DRY (don't repeat yourself) way / Hook to Activerecord object (to store IP address on every object


#1

As part of my project, I need to store IP address for every object
that was created.

User
Topic
Payment
and more…

Now all these records have the following attribute in their table
called “ip_address_on_create”.

One way to do this is to put this code everywhere in the controllers:

user.ip_address_on_create = request.remote_ip ,… and so
forth.

Now to conform to DRY (don’t repeat yourself), I see the mechanism:
after_create (model) and after_filter ( controller). I am not
really sure how to tie this thing together. Would appreciate any tips
or Ruby-Fu .

Thanks in advance!
Chris


#2

I haven’t tested this at all, and to be quit honest it feels a bit
hackish, but the following comes to mind:

before_filter lambda { params.merge! :ip_address_on_create =>
request.remote_ip }

Add the appropriate attribute to attr_accessible and you’ll be good to
go.


#3

or rather you’re more likely going to be doing params[:user].merge!..
but you get the idea


#4

2009/6/8 Chris removed_email_address@domain.invalid:

called “ip_address_on_create”.
or Ruby-Fu .

Might the DRYest way to do this be to use a polymorphic association
for the IP address?
Colin


#5

Have a look at active_record::observers and wrap the save method with
an update to the ip address. Declare a class level variable in
application.rb with a before_filter that populates the IP into the
variable (and subsequently used by the observer).


#6

Makund - it is quite likely that your solution will break when
multithreading arrives (as will will loads of other stuff)


#7

009/6/10 Jodi S. removed_email_address@domain.invalid:

Makund - it is quite likely that your solution will break when
multithreading arrives (as will will loads of other stuff)

Could you explain why please, for the uninitiated?
Thanks
Colin


#8

Makund - it is quite likely that your solution will break when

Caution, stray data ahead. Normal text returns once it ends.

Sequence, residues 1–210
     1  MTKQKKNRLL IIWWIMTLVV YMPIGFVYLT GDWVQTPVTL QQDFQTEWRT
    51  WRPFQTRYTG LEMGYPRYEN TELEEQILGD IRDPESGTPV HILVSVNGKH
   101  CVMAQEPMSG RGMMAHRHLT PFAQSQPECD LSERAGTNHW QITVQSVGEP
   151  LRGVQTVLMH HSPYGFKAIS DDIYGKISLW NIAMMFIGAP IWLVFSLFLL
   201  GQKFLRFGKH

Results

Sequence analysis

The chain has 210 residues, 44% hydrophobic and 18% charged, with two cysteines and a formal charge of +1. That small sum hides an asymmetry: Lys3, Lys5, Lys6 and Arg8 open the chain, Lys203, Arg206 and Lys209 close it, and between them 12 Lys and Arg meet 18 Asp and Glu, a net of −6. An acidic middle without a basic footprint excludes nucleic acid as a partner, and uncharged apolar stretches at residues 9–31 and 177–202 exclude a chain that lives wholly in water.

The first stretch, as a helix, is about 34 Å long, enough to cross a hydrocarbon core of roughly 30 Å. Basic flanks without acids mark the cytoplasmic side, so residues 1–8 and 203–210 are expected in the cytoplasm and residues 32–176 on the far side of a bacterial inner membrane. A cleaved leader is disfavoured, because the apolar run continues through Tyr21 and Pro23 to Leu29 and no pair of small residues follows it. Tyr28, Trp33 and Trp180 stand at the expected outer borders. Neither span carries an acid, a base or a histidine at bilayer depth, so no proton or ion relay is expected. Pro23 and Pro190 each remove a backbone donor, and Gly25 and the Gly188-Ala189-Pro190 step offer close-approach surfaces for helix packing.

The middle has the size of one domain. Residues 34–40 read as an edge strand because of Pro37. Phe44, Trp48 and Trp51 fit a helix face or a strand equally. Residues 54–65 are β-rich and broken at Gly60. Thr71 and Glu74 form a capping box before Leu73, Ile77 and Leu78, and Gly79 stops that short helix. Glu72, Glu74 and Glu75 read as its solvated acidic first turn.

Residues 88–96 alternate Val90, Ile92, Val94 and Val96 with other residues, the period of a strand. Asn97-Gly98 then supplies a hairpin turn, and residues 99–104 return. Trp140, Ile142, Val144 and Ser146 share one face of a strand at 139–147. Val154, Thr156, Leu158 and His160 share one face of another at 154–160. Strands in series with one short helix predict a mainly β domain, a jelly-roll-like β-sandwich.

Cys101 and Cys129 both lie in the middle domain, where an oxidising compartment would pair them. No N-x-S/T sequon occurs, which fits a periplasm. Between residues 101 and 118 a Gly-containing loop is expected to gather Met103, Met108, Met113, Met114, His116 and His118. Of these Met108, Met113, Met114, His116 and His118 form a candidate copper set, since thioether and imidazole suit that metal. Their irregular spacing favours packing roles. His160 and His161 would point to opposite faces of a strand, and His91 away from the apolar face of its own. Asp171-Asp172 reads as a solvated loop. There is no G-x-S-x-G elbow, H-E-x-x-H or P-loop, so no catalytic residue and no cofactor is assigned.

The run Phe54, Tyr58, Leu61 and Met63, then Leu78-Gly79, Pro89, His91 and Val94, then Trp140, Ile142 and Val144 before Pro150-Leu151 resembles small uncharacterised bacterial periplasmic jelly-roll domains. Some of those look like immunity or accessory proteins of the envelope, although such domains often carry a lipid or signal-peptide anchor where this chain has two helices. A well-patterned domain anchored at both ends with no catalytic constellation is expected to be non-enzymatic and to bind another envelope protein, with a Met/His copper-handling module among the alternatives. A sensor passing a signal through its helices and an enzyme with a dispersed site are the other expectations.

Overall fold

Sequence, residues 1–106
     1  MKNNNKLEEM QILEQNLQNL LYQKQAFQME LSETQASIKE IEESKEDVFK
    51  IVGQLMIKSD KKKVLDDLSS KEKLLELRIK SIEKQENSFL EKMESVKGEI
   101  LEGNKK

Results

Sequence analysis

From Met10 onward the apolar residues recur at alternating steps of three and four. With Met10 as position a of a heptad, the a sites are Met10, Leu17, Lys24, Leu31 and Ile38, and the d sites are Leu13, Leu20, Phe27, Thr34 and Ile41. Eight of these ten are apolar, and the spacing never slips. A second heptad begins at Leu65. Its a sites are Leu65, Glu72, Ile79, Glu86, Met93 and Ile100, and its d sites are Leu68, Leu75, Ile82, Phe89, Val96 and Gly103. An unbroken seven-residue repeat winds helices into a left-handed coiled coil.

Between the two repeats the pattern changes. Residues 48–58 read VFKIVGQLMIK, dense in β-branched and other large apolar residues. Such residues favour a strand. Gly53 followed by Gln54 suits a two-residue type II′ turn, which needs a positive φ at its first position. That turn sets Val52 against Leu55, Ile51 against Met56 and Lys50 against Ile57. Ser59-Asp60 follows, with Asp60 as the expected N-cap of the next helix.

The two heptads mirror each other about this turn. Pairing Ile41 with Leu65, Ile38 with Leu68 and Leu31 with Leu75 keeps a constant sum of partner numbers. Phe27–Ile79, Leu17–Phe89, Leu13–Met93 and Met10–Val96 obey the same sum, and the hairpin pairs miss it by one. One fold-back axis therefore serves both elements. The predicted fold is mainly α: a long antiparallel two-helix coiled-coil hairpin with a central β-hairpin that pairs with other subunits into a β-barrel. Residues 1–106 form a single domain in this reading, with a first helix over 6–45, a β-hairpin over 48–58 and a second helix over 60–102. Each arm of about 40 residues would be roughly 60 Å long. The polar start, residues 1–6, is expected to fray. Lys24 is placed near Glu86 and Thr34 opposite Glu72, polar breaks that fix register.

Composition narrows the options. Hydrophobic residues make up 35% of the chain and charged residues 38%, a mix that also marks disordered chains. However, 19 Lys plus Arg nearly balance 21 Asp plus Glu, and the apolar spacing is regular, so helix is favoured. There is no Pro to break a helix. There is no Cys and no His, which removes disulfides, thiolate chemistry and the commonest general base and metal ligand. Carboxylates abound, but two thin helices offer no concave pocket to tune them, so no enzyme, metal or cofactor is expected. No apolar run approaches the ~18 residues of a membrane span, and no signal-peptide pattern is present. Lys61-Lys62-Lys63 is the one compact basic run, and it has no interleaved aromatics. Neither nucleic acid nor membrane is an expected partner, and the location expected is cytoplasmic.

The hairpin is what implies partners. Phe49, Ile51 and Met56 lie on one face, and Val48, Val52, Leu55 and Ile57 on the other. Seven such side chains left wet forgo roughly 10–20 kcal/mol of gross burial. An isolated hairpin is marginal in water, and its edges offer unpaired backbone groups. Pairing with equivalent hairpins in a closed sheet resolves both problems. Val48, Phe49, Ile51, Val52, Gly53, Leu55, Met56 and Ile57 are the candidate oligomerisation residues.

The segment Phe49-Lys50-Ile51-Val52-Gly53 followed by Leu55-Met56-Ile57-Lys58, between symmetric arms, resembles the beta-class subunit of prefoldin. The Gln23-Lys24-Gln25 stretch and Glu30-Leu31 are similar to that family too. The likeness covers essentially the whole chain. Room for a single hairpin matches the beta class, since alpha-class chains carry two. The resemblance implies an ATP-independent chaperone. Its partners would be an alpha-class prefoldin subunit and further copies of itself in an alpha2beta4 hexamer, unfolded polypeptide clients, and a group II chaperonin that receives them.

multithreading arrives (as will will loads of other stuff)

You could try using Thread.current in your model when storing your
class variable.

For example, in your User model, you could have the following methods:

def self.ip_address=(ip_address)
Thread.current[:ip_address] = ip_address
end

def self.ip_address
Thread.current[:ip_address]
end

You would set these as part of your authentication process

User.ip_address = request.remote_ip

Then you might be able to use this in a :before_save filter in your
models

before_save :set_ip_address

def set_ip_address
self.ip_address = User.ip_address
end


#9

Basically… the class variable is shared by all instances of the
controller in question spawned by the Rack server process.
Multithreaded Rails handles multiple requests simultaneously, and thus
multiple simultaneous instances of the controller. Two requests come
along, one from 1.1.1.1, then one from 2.2.2.2 immediately after.
before_filter from 1.1.1.1’s controller instance sets class variable
accordingly, then before_filter from 2.2.2.2’s instance overwrites the
variable. Controller instance from 1.1.1.1 now uses 2.2.2.2’s IP, and
shinanagins ensue.


#10

Replace the class variable with a method call instead?


#11

For example, in your User model, you could have the following methods:

def self.ip_address=(ip_address)
Thread.current[:ip_address] = ip_address
end

def self.ip_address
Thread.current[:ip_address]
end

God please tell me he did not suggest to use threads in order to add an
argument.


#12

God please tell me he did not suggest to use threads in order to add an
argument.

Posted viahttp://www.ruby-forum.com/.

Here is a brief discussion on Thread.current used in class variables.

http://coderrr.wordpress.com/2008/04/10/lets-stop-polluting-the-threadcurrent-hash/

As there is clearly debate about the robustness of using this method,
I offer it only as a suggestion. It has worked for me.